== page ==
Guest Update by Dr. Ernie Hawk
TRWG Process Moving Forward, Members Named
Since being named by Dr. von Eschenbach earlier this year to chair the Translational Research Working Group (TRWG), I have come to more fully appreciate the potential of the working group to influence how we approach translational research. We will evaluate the translational research components of the National Cancer Institute's (NCI's) current portfolio and provide a blueprint for how best to harness our translational research resources. Our goal is to ensure that the processes and programs are in place at NCI to rapidly translate the scientific discoveries of the cancer community's many dedicated scientists into new interventions for preventing, diagnosing, and treating cancer.
There will be broad public input into the TRWG deliberations, including participation in the working group by many of the country's leading translational researchers, as well as representatives from the advocacy community, industry, the Food and Drug Administration (FDA), and NCI staff. In fact, the complete 60-member TRWG roster is now available on the working group's Web site at www.cancer.gov/trwg.
In naming the members, I worked with the TRWG co-chairs, Drs. Lynn Matrisian and William G. Nelson, to select as representative a group as possible, while still ensuring it was of a manageable size.
Following in the mold of the Clinical Trials Working Group, TRWG will formulate recommendations for developing an optimized model for a translational research program, as well as an implementation plan for taking those recommended actions. The implementation plan is important because it will lay out the short-term changes to existing programs the working group believes are needed, as well as what new, longer term initiatives are required. Both the recommendations and the implementation plan will be presented to the National Cancer Advisory Board.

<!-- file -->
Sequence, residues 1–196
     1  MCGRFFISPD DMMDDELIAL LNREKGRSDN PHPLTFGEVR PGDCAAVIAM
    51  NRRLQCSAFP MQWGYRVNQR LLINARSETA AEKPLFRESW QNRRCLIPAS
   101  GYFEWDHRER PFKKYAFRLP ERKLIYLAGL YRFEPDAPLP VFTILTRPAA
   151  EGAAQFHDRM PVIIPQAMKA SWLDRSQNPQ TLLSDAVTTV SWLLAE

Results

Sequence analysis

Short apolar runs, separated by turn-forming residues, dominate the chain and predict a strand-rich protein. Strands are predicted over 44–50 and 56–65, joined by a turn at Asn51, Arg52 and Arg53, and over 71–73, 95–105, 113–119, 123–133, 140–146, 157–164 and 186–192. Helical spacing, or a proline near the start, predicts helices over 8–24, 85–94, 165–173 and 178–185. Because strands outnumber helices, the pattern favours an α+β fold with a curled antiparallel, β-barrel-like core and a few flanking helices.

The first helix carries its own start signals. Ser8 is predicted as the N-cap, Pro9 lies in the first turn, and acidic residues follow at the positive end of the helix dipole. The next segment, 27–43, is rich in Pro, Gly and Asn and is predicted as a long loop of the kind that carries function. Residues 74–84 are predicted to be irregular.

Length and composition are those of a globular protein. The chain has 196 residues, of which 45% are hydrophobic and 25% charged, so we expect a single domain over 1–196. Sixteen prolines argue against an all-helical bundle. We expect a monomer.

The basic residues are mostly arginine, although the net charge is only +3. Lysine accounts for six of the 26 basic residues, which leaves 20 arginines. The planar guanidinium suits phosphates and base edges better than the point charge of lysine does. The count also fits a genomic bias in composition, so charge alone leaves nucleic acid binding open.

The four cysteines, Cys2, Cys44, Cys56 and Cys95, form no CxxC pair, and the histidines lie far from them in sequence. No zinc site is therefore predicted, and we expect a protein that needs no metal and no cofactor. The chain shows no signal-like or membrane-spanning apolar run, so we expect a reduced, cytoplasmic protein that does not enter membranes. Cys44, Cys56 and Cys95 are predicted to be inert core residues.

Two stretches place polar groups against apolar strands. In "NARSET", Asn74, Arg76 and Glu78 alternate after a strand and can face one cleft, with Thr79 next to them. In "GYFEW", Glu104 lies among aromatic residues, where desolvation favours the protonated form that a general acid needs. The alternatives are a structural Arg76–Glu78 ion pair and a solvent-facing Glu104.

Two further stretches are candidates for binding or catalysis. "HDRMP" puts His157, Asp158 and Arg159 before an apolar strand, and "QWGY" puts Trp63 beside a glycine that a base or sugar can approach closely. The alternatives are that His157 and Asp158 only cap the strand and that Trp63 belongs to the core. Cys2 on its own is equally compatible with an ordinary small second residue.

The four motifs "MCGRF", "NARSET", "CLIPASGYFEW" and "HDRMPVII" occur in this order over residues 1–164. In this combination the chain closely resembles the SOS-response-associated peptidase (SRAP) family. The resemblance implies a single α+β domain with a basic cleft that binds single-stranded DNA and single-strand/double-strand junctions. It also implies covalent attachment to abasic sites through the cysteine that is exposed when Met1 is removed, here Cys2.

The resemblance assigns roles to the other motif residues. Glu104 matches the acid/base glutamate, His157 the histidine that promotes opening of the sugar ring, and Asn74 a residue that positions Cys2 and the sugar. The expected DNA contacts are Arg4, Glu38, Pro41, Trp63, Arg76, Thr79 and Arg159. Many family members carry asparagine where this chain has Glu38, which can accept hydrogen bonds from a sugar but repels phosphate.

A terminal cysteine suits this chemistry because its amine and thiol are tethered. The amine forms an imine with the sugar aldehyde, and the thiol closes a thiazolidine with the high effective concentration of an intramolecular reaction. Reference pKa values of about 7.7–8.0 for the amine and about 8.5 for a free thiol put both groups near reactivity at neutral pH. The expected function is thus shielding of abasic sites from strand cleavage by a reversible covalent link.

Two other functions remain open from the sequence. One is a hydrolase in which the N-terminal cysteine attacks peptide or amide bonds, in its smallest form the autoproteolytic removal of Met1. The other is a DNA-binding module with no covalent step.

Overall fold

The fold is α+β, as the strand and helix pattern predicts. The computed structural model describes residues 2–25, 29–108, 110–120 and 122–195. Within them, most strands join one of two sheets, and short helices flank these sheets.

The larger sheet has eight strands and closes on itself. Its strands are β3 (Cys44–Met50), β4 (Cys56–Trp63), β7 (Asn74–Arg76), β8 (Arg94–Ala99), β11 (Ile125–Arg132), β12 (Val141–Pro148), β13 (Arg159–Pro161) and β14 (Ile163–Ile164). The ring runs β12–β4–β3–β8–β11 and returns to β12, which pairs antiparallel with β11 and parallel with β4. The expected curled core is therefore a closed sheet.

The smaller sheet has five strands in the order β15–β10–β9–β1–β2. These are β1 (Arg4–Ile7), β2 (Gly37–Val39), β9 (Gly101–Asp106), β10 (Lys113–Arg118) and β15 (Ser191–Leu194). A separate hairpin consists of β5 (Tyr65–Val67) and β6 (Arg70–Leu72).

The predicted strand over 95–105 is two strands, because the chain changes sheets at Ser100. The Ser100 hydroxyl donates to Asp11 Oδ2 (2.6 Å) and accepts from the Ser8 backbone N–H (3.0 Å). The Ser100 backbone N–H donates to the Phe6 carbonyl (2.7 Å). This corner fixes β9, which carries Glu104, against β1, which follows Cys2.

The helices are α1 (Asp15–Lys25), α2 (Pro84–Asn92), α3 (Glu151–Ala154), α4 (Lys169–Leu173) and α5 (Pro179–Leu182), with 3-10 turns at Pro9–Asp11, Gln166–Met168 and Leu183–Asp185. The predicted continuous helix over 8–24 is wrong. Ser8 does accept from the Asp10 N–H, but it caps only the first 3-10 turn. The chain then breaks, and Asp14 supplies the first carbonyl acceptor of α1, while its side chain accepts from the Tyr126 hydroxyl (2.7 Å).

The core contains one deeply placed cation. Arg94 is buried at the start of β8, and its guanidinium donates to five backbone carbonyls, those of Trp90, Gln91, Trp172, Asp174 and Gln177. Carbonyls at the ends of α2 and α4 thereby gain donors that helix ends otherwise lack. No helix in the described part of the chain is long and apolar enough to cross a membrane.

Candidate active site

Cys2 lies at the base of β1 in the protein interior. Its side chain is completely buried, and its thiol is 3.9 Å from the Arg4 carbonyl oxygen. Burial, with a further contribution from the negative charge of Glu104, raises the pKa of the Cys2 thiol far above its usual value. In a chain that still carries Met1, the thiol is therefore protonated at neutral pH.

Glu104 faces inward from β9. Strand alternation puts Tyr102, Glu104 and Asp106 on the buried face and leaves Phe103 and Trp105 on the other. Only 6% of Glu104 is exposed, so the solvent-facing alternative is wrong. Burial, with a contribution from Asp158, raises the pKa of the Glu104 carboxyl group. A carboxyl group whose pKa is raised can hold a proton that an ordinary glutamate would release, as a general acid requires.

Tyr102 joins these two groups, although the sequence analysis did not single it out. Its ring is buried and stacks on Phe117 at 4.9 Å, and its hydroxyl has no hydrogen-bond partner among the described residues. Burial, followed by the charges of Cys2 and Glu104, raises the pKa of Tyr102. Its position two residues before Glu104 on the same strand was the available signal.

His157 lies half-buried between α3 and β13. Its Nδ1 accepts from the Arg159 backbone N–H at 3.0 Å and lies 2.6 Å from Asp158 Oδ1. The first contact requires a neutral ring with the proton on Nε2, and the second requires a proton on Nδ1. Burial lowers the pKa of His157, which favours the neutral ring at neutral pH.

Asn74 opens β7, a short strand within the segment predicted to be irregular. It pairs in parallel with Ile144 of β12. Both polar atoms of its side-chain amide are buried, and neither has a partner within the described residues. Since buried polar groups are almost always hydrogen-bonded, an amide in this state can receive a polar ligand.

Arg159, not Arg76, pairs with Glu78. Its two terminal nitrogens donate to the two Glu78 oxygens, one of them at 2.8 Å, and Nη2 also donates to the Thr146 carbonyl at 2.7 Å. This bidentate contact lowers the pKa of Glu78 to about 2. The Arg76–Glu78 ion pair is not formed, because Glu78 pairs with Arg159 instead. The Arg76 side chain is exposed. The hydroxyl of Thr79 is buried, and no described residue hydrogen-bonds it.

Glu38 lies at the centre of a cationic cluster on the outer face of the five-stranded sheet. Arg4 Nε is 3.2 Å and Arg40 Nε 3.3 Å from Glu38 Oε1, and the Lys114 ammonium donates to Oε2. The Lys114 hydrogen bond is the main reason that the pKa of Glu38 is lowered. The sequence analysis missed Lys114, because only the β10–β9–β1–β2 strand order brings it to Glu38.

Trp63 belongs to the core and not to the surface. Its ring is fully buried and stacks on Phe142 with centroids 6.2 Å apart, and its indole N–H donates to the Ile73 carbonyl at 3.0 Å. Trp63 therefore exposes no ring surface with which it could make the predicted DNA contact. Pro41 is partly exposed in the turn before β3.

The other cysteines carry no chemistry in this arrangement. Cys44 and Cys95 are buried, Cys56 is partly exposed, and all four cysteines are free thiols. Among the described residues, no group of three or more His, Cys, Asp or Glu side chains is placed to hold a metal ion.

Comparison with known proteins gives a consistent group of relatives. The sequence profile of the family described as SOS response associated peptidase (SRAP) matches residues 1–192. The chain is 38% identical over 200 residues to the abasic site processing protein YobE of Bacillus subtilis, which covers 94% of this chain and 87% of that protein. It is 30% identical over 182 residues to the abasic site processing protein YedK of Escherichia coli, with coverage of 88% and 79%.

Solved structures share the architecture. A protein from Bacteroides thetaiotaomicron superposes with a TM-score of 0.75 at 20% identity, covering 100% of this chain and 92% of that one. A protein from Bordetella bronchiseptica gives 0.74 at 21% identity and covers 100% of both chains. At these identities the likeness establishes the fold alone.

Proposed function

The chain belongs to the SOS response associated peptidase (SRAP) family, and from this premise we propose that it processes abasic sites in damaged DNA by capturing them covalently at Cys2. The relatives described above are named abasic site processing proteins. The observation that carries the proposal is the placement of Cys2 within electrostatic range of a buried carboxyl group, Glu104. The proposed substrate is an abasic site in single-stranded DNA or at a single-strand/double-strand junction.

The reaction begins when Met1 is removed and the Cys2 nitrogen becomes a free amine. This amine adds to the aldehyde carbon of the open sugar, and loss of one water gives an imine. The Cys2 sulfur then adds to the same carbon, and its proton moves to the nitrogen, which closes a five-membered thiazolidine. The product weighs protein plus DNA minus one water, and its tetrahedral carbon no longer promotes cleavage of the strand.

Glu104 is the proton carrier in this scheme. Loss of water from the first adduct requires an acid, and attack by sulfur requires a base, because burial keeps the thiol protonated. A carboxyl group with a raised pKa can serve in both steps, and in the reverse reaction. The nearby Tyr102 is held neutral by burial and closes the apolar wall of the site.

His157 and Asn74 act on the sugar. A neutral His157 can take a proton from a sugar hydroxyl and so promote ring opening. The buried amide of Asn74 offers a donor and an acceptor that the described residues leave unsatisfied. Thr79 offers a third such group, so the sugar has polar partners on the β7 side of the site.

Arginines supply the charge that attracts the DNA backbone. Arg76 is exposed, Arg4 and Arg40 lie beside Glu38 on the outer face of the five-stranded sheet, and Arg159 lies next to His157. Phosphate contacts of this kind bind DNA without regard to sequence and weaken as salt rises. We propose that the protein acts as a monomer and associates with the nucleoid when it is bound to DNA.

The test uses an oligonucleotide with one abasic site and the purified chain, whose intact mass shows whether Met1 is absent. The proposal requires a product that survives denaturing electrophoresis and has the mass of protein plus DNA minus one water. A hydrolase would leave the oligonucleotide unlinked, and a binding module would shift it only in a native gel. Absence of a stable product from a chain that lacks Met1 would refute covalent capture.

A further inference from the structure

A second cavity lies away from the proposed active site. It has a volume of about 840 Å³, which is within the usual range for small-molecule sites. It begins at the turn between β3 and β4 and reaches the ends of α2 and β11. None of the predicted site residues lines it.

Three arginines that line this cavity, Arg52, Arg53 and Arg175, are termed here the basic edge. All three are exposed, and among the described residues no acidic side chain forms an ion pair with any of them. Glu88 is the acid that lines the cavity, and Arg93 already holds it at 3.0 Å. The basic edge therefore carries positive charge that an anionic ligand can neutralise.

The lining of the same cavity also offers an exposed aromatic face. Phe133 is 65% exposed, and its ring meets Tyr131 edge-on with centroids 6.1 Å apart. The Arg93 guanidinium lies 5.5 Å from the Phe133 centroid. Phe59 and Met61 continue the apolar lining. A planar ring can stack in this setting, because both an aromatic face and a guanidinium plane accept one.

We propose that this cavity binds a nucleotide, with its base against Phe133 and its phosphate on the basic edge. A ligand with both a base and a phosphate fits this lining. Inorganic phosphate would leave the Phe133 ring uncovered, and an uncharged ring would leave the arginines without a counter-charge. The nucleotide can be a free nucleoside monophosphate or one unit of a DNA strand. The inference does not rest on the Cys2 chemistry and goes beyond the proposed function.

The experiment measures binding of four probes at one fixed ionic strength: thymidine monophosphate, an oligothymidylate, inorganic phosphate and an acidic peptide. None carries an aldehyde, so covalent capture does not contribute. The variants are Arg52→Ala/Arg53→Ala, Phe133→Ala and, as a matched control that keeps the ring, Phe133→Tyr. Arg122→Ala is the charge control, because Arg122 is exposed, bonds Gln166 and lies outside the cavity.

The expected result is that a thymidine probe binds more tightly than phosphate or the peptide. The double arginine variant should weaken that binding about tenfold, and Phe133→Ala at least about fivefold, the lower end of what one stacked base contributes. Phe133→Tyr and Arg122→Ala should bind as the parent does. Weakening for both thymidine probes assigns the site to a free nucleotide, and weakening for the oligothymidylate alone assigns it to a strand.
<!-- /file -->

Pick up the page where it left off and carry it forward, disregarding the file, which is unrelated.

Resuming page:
In December, TRWG will have its first planning meeting, which will be preceded by small-group teleconferences where members can engage in preliminary discussions about the issues that need to be addressed and potential models for a comprehensive translational research program.
The TRWG Web site will be an excellent resource for the cancer community to use for following and commenting on the TRWG process. After the December planning meeting, for example, specific questions about issues raised during the meeting will be posted to the Web site, and the public will be invited to submit comments on them.
In February, a larger roundtable meeting will be held involving the entire TRWG and an additional 140 participants, most of whom will be nominated by TRWG members. The February meeting should allow for a robust and fruitful discussion of the issues and potential models raised during the first planning meeting and public comment period.
I encourage those with an interest in the process to participate by submitting comments when materials are posted on the TRWG Web site. If you have questions about the TRWG, they can be submitted via the Web site as well.
I'm excited about TRWG and confident that the process for developing its recommendations and implementation plan will lead to important changes that, first and foremost, will benefit patients and move NCI and the cancer community closer to the 2015 goal.